07 Jun 2006

New Pagerank Patent – Jims Abstract Translation.

I just read the Search Engine Journal post about the new Google PageRank Patent. Loren also references Bill Slawski’s blog where he gives us the facts and figures on the patent.

The name of this patent is “Method for node ranking in a linked database” (official patent link).

Abstract
A method assigns importance ranks to nodes in a linked database, such as any database of documents containing citations, the world wide web or any other hypermedia database. The rank assigned to a document is calculated from the ranks of documents citing it. In addition, the rank of a document is calculated from a constant representing the probability that a browser through the database will randomly jump to the document. The method is particularly useful in enhancing the performance of search engine results for hypermedia databases, such as the world wide web, whose documents have a large variation in quality.

As I read this patent I kept having to reread each sentence and translate it in my head since they write these so that most people will have no idea what they’re saying (except the lawyers “interpretation”)….so I thought I’d post my translation of just the Abstract of this document.

Everything indented below is Google’s words. Below Google’s words, I put my personal translation…I could be off…what do you think?

A method assigns importance ranks to nodes in a linked database,

Google’s algorithm tries to numerically value links,

such as any database of documents containing citations,

and pages/sites that link out,

the world wide web or any other hypermedia database.

to other web pages/sites.

The rank assigned to a document is calculated from the ranks of documents citing it.

We add up all the “scores” of those who link to you from other pages and give you a score based not on sheer number of pages that link to you, but rather how well “networked” you are within a community.

In addition the rank of a document is calculated from a constant representing the probability that a browser through the database will randomly jump to the document.

You get a higher score if you have multiple backlinks from related hubs/pages that are common for your industry.

The method is particularly useful in enhancing the performance of search engine results for hypermedia databases, such as the world wide web, whose documents have a large variation in quality.

This could help to give more value to sites that have backlinks from good related and/or trusted places within a common backlink neighborhood. 

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What do you think? What is your interpretation?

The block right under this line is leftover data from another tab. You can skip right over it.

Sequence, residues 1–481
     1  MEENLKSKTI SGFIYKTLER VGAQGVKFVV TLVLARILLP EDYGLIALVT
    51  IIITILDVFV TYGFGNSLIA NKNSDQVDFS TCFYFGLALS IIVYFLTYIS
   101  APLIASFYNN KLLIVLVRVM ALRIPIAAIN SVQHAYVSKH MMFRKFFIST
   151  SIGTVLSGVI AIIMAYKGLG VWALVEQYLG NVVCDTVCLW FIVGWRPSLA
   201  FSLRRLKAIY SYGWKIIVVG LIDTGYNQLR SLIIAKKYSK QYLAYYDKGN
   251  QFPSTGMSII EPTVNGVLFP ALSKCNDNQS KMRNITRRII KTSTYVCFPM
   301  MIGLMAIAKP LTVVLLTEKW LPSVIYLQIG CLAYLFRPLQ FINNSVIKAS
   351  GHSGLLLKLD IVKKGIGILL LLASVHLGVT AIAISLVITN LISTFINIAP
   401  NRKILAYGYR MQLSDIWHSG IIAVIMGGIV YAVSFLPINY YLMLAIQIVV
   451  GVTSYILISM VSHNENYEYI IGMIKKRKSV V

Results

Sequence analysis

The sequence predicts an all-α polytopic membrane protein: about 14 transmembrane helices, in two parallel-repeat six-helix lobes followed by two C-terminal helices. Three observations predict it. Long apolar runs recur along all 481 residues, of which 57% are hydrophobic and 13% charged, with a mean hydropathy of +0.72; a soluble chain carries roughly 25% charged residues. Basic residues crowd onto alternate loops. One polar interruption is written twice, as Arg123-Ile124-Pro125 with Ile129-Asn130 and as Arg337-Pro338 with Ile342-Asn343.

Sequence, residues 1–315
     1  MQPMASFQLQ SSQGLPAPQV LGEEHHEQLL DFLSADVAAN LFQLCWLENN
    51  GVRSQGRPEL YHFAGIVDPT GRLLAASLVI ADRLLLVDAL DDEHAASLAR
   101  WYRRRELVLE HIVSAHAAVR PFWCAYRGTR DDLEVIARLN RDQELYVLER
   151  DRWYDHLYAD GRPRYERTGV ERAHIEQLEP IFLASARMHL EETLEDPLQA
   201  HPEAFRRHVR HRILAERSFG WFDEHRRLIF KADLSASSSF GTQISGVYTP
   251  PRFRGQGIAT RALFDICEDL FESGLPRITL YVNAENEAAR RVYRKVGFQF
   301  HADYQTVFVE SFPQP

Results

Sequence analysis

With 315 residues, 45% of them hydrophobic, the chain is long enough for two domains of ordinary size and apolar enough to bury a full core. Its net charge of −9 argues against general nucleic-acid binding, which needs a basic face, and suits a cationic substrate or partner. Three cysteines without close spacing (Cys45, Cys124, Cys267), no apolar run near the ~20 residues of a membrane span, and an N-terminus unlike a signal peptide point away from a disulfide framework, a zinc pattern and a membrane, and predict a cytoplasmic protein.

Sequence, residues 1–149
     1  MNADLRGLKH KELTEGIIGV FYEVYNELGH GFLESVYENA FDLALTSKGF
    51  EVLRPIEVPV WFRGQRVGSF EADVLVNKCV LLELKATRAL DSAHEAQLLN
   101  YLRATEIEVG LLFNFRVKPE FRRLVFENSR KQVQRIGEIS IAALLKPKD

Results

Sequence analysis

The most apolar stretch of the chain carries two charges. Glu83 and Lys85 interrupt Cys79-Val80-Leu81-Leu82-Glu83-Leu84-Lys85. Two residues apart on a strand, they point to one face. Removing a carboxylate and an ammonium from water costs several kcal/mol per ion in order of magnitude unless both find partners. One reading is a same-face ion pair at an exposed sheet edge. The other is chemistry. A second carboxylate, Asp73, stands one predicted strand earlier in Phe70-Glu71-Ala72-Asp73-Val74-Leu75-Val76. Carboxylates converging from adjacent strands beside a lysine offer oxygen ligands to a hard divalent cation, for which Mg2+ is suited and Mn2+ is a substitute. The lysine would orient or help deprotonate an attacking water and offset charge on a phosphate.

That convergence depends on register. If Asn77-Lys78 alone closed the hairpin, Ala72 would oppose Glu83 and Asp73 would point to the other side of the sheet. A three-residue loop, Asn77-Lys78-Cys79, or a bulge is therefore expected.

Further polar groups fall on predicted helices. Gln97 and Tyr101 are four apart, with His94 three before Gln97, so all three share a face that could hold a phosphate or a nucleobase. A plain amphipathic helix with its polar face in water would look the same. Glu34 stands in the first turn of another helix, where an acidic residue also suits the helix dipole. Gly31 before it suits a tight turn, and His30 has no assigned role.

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[tags]google, google patent, link building, seo, sem, search engine optimization, internet marketing, search engine marketing[/tags]

Comments

  1. feed my brain » Blog Archive » June 7, 2006 at 6:38 PM

    […] PR Patent Translation – Jim provides a translation of the new Google patent for the non-PhD crowd. […]

  2. shandyking June 7, 2006 at 7:25 PM

    “As I read this patent I kept having to reread each sentence and translate it in my head since they write these so that most people will have no idea what they’re saying…”

    Thanks for the translation Jim.

    I am sure the documents created by all those PhD’s are confusing enough. Add the additional layer of lawyer speak on top of those forms is enough to give any sane person a headache!

  3. HowardB June 8, 2006 at 11:01 AM

    I think that’s a more than good explaination Jim. But I don’t really see it as being outstandingly “new” to people who’ve been practicing good co-citation.

  4. Search Engine Optimization and Marketing Now! » Blog Archive » New Google Patent June 8, 2006 at 2:16 PM

    […] Then I found what Jim boykin , Loren Baker and William Slawski had to say was pretty interesting. […]

  5. Matt McGee June 8, 2006 at 6:15 PM

    Jim, I think your very first translation should be changed — this one:

    numerically value links

    I would say the “nodes” referred to in the official wording are pages. At least I think so. 🙂

  6. Martin Muller June 9, 2006 at 11:33 AM

    Thank you Jim for your translation. I have tried to read original, but it was over my skills.

  7. Jim Westergren June 11, 2006 at 1:37 PM

    Thanks for your work Jim. It makes sense.

    I have bookmarked it for later study.

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